Manifesto – Pitt the saviour?

Harvey Pitt is the 26th chairman of America’s Securities and Exchange Commission. And he may well find he will be its most famous.

That’s saying something: he has some famous names to follow. The first SEC chairman was Joseph Kennedy, father of JFK. But the last, Arthur Levitt, may be the best-known for his audit independence campaign.

However, all that looks set to change for the bearded Brooklynite because of Enron. Just six months into his job it is clear the scandal and its fallout will dominate his time in office.

Alhough questions are being asked, chief among them is: is he the right man for the job? This is nothing to do with his expertise on securities law – within the US there are few viewed as more knowledgeable. His background though is causing some concern.

Pitt, 56, has spent the past 25 years as a Washington-based private securities lawyer defending the leading lights of Wall Street from the prying eyes of SEC.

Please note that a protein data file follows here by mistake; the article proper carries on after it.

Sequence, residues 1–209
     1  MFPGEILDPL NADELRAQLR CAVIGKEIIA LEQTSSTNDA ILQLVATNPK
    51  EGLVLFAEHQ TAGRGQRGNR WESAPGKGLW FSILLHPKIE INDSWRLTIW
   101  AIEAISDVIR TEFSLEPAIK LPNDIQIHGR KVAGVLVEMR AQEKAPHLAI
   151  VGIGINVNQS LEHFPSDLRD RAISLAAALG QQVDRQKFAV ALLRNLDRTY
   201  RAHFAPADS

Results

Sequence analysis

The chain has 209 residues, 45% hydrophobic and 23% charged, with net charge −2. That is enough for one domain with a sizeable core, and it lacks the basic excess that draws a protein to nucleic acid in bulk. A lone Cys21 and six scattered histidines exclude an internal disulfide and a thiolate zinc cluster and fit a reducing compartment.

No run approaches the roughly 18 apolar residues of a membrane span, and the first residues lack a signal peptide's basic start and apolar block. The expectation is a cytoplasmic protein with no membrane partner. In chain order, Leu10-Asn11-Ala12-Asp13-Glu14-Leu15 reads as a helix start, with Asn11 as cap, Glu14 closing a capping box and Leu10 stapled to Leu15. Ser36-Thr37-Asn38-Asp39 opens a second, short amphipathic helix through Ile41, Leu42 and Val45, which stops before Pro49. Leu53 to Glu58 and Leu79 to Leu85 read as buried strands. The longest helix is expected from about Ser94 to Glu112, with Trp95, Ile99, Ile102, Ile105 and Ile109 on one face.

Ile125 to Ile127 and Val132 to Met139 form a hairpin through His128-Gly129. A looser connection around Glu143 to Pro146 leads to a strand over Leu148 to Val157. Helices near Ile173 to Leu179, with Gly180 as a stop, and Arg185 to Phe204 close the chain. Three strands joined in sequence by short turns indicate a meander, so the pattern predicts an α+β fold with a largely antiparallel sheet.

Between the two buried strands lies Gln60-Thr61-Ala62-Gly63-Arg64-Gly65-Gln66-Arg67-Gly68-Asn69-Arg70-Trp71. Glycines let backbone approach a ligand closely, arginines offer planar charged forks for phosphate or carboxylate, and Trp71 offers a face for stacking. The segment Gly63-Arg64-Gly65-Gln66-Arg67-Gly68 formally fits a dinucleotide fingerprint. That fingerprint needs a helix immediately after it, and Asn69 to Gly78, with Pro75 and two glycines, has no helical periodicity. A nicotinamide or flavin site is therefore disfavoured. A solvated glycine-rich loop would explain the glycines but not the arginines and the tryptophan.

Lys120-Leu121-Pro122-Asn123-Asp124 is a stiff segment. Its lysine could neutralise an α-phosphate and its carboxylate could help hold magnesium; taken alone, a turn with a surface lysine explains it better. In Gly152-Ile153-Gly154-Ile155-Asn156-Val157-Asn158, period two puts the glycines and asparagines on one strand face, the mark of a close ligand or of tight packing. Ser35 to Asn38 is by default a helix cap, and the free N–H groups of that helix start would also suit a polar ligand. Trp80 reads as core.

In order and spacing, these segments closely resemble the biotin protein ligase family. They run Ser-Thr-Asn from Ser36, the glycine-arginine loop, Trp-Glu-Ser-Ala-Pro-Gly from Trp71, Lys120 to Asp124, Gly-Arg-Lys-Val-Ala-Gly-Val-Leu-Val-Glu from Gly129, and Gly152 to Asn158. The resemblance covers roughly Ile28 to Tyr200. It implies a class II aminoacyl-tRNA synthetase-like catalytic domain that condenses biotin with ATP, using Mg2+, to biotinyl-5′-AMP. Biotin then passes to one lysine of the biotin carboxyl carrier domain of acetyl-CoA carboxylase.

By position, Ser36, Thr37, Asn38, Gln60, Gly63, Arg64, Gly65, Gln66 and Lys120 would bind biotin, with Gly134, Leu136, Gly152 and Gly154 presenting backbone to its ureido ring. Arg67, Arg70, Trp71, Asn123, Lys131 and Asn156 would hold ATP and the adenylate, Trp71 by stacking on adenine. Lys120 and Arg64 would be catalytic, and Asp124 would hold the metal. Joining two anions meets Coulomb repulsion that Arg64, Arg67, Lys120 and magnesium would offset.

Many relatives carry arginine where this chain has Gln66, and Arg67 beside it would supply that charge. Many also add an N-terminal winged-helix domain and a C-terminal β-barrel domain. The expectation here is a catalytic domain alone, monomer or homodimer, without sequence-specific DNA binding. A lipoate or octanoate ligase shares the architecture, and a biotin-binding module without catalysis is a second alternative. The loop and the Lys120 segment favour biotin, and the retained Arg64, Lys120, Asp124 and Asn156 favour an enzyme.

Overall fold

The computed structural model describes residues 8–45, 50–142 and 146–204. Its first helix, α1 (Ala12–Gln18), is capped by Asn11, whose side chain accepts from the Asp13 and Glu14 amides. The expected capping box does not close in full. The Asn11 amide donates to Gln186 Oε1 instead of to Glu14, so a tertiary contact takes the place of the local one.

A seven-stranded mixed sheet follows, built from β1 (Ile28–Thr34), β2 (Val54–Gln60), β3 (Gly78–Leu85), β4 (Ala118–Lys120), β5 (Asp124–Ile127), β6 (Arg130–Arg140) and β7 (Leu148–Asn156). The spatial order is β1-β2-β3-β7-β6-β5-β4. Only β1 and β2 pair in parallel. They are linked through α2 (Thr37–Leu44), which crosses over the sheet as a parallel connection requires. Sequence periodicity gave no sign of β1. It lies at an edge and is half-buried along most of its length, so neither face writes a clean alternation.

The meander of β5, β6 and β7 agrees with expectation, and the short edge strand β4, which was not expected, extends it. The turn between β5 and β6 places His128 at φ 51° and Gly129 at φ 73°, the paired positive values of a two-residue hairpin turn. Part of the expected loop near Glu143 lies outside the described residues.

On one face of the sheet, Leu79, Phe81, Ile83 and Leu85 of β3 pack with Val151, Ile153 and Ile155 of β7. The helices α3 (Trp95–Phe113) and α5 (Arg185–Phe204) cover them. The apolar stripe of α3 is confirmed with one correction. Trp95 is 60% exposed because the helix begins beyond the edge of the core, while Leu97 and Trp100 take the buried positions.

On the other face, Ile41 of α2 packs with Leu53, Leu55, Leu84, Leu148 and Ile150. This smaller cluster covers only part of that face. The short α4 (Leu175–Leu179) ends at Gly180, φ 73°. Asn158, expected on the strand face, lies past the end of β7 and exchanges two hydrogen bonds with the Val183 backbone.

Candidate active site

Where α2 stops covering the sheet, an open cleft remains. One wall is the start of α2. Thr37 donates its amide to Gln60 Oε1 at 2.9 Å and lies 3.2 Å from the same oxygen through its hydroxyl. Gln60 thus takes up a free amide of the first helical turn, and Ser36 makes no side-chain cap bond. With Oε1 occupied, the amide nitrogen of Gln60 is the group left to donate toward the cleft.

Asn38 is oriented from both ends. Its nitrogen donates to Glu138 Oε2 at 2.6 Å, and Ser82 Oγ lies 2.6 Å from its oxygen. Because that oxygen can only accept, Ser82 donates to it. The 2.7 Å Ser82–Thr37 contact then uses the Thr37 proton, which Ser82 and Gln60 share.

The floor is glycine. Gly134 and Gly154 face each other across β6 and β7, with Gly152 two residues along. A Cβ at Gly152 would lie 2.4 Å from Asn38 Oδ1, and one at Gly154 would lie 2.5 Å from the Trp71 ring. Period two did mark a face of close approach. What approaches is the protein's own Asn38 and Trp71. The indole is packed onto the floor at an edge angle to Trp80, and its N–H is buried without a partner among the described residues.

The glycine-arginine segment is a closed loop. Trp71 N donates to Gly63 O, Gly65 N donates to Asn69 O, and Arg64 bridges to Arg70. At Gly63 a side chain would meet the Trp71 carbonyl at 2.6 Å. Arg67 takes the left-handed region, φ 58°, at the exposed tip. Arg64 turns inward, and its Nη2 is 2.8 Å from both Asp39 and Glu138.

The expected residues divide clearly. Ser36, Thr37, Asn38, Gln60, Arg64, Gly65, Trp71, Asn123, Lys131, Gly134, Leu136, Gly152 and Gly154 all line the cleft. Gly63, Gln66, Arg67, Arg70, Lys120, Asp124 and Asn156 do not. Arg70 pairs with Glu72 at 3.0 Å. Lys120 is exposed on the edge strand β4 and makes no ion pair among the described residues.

In 1999 he successfully defended the New York Stock Exchange against SEC charges involving the actions of floor traders.

He was also head of the Wall Street trade group, the Securities Industry Association, and represented the American Institute of Certified Public Accountants.

And among the poacher turned gamekeeper’s many illustrious clients has been all the major accountancy firms including one called Andersen.

Some Democrat politicians have already voiced concerns and suggested that, a la John Ashcroft the attorney general, Pitt should step aside from the Enron investigations.

His response has been belligerent. Pitt has attacked the accountancy profession for its lack of probity and its audit failures.

He has already instigated the demise of the audit regulation body, the Public Oversight Board, and wants a new powerful regulator brought in.

This role could fall to his old friends at the AICPA.

Supporters point out that he also represented, unsuccessfully, PwC and Ernst and Young against Andersen over the battle on whether accounting firms should be allowed to consult for their audit clients. And the fact that he has taken a pay cut of over #1m a year at least suggests he really wants to do the job.

Whether he succeeds may be out of his hands. Enron’s reach goes to the very top of American political life. Pitt may well find that any good intentions on his part will ultimately succeed or fail on what the politicians want.

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